Have you ever looked at the Nissan 370Z—largely unchanged in its nearly 10 years on the market—then let your gaze wander across the showroom at the new Infiniti Q60 coupe with its mouthwatering twin-turbocharged engine and thought about what might have been? For the team at Z1 Motorsports in Georgia, it was time to make that fantasy a reality and correct Nissan's oversight by breaking ground on the first motorsports-ready VR30DTT swap for the current-generation Z car. Not only is the project history in the making, but it also reaches back to touch on Z1's own unique past as a longtime Nissan tuner.
"The car we chose for the swap was actually purchased way back in late 2008, when the 370Z was first released," says Russell Floyd, president of Z1 Motorsports. "It spent its first thousand miles on the dyno while we swapped exhausts and intakes and tried out all sorts of new parts we were developing for the platform. Over the course of the next 10 years, it's been used and abused in almost every way possible as our time-attack car, dragstrip ride, drift chariot, NASA trial competitor...you name it."
That lengthy tour of duty also included five years of hard-core road course competition, during which Z1 developed a full twin-turbo kit for the car to go along with the company's strong-selling naturally aspirated engine upgrades.
"We realized we weren't going to be competitive anymore unless we added serious power to the platform," Floyd continues. "With all the braking and suspension improvements we made to the car, once the twin-turbo kit was installed, we started holding our own against the Corvettes and Porsches in our class. We were dealing with a number of issues, however, particularly all the heat generated by the VQ37 engine, which runs warm even in NA form."
Realizing that on a racetrack, the turbocharged 370Z was facing more than a few limitations, Z1 Motorsports turned its attention to the newly released Infiniti twins—the Q50 sedan and the Q60 coupe—each of which was available with a 400hp twin-turbo 3.0L V-6.
"We bought one of the first Q60 coupes several years ago and have done substantial development with it, including many laps around Road Atlanta. It is not a track car. It could be turned into one but would require extensive modifications and removal of factory systems and components. So we started to develop a series of upgrades for the VR30DTT intended to be used in an actual high-performance environment, rather than just a stanced Q60 at a car show," Floyd explains. "Moving the powerplant from the Q60 to the 370Z made a lot of sense. It gave us a significant weight reduction, and it allowed us to run a manual gearbox. The automatic transmission and steer-by-wire systems in the stock Infiniti simply couldn't stand up to regular track use, so we avoided those problems, too."
Z1 had already worked closely with Nissan on the Project Clubsport the previous year, which installed the same engine in the 370Z. That vehicle was never intended to see a track or be offered to the public, however, so the challenges facing the engineering team the second time around were a little trickier to deal with. After four months of development, the car was very close to where the company wanted it. Members of the team pointed to issues such as sourcing a flywheel that would mate with the six-speed and the VR30 engine, as well as dealing with the complex electronic systems that had to be convinced to work with the Z's onboard systems rather than the stock Infiniti setup. Partner UpRev would step up to provide an assist on the tuning side so the original ECU could be kept with the engine with no need for a standalone or piggyback controller.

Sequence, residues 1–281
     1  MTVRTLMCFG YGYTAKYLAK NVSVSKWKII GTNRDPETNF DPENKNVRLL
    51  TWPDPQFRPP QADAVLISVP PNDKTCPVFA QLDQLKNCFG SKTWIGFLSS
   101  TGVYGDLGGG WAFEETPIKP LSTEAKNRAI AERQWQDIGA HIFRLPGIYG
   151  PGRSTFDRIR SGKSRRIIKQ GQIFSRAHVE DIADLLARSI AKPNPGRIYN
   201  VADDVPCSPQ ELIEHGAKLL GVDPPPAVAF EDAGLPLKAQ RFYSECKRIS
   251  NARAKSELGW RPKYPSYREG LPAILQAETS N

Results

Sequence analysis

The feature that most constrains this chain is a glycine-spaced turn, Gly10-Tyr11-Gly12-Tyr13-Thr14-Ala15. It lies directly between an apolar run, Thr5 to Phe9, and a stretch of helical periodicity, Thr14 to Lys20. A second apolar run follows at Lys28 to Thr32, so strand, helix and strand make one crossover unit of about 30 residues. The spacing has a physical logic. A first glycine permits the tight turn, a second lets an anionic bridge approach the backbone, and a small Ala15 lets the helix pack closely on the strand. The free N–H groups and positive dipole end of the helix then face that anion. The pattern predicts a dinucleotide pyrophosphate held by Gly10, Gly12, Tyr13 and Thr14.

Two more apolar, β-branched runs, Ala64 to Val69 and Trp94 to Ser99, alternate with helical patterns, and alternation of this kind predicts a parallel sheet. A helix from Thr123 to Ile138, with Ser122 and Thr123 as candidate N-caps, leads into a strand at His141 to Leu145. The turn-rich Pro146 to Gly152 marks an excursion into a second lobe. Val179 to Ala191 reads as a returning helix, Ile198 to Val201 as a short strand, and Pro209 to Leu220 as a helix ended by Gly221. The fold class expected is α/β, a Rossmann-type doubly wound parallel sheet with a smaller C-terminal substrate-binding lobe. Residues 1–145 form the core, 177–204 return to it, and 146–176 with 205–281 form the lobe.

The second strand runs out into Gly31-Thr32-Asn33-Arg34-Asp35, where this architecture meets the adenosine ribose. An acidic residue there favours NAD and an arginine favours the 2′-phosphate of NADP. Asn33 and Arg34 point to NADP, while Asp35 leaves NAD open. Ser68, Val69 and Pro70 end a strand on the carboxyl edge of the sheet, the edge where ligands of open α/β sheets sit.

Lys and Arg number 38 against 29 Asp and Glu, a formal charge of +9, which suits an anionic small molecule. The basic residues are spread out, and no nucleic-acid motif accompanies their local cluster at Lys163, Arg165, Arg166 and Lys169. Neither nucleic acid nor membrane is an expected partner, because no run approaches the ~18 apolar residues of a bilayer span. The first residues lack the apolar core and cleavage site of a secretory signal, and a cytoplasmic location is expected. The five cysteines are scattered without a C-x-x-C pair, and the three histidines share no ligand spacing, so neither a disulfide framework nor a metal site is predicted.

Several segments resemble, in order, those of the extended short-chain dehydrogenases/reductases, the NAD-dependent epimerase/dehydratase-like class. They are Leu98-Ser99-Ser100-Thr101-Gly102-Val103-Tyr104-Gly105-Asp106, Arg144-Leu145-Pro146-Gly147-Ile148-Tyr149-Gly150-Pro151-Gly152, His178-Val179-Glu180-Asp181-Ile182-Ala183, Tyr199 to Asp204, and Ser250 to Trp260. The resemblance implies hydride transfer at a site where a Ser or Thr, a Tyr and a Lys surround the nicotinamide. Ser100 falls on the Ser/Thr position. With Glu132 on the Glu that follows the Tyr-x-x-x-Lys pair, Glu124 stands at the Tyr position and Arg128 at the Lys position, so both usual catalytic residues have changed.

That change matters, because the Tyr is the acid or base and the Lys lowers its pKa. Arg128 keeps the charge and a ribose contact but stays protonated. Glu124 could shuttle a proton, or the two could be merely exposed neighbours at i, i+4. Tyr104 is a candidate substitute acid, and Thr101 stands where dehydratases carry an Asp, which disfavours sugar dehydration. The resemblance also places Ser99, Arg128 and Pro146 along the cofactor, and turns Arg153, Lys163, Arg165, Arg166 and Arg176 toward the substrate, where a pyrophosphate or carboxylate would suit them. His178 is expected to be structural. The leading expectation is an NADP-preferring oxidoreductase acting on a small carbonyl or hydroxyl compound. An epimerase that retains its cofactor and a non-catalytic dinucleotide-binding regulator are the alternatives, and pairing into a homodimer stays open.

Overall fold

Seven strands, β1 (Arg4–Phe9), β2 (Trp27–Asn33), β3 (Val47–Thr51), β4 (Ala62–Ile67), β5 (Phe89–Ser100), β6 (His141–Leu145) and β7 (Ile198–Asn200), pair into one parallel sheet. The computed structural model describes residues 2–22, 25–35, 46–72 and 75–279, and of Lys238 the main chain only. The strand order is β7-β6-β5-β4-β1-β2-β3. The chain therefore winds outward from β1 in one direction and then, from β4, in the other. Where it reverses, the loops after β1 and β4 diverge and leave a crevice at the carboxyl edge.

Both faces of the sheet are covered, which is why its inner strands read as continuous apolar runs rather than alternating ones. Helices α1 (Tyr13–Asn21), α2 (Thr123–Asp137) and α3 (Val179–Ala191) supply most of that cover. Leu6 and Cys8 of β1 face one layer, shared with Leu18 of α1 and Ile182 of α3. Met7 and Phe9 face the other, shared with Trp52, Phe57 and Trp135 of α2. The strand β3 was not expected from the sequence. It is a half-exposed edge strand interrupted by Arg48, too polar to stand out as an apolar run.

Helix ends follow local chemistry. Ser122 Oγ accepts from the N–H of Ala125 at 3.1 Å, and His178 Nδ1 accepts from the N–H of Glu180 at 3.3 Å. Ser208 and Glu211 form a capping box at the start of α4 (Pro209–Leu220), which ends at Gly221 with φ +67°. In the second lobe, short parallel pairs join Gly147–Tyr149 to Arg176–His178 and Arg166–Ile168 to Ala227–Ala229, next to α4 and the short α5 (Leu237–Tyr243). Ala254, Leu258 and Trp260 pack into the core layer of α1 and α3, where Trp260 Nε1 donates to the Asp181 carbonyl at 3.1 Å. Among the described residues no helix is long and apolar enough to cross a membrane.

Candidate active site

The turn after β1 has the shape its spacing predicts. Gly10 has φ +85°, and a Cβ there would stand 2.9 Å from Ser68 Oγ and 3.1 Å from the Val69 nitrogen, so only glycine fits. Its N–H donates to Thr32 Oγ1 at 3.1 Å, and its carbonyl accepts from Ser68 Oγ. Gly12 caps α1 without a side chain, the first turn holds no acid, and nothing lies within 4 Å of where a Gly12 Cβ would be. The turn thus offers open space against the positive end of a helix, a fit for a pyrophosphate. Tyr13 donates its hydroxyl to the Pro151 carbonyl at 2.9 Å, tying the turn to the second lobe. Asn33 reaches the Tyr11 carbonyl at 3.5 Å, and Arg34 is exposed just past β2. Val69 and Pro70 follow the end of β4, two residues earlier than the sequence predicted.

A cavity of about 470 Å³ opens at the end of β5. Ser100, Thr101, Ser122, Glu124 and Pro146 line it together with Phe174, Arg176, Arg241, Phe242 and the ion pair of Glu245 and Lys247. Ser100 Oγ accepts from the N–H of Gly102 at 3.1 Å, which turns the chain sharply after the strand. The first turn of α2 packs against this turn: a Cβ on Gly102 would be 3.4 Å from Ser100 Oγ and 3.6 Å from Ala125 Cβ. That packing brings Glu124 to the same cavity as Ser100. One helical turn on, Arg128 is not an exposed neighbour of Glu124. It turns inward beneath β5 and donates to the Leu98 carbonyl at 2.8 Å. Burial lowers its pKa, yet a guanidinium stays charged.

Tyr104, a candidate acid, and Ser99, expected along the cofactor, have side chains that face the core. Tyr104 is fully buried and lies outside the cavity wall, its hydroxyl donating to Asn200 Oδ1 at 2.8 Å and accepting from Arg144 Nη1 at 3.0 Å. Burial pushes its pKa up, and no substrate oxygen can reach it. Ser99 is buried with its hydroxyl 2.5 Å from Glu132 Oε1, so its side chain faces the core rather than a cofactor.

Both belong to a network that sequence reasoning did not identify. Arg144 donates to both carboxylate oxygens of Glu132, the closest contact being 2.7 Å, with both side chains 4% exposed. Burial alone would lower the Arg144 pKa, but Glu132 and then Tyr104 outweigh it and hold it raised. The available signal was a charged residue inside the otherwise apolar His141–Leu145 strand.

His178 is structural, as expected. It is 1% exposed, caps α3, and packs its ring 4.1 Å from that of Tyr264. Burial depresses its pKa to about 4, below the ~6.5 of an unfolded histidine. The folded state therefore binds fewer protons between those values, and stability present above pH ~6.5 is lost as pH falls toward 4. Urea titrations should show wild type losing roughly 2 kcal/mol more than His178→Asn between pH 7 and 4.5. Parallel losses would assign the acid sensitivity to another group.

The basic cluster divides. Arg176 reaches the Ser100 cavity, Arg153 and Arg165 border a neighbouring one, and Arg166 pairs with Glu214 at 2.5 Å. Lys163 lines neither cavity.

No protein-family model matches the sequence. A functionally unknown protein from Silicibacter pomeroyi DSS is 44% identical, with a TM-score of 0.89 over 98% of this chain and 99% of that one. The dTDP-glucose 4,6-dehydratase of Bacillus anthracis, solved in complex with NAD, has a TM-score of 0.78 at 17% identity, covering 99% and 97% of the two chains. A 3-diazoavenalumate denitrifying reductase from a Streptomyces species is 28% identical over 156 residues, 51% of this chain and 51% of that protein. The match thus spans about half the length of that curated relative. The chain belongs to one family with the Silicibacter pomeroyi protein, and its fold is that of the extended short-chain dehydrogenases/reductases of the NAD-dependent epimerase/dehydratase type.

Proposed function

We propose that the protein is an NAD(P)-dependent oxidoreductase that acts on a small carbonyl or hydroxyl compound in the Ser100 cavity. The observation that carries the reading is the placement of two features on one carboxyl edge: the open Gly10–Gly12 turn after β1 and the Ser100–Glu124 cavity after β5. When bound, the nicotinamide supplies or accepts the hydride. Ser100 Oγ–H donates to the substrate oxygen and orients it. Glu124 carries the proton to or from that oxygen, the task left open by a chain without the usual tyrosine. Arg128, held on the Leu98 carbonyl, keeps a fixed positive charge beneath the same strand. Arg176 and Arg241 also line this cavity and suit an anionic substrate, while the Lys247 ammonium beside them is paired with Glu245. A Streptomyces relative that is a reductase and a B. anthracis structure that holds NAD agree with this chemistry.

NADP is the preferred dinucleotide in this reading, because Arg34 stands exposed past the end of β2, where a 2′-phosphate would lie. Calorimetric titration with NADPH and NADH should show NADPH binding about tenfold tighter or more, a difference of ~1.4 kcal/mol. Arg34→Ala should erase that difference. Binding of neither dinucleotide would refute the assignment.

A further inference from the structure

"The advantages of tuning the VR for the 370Z over turbocharging the VQ have been significant," Floyd tells us. "The weight of the Infiniti engine is significantly lower without all the extra plumbing we had to use in our twin-turbo kit, and the heat management is an order of magnitude better—even with the factory intercooler in place."
Then, of course, there's the power. With the car putting out 470 horses and 505 lb-ft of torque at the rear wheels, the 370Z is an absolute blast to drive. "The car is unbelievably responsive," says Z1's president. "With the smaller turbos and the very short intake, there's absolutely no lag at all, and the direct-injection system helps the entire unit come together for very efficient, and surprisingly brutal power in an instant."
Z1 Motorsports got its start a tuner for the Z32-generation 300ZX cars, and in many ways, the VR engine reminds Floyd what it was like working on that particular model. "The new engine required only minor mods and the removal of the catalytic converters for us to double its power," Floyd says. "It's a real blast from the past. Instead of seeing bolt-ons add 20 or 30 horses, like they have for the last decade or so of Z development, we're back to offering ridiculous numbers for a similar price. Downpipes and a tune are giving us 150 lb-ft of torque on this car, which is a great value for customers moving forward."
It's that last part of the sentence that indicates what Z fans the world over are eager to see in the 370Z's next iteration. The entire Z1 Motorsports team has its fingers crossed that the next-generation Nissan coupe will be outfitted with the VR30DTT right from the factory so it can once against claim its place among the top-tier sports cars on the market. Here's hoping this spectacular Z isn't just a token of glory days gone by but also a crystal ball pointing toward the car's future.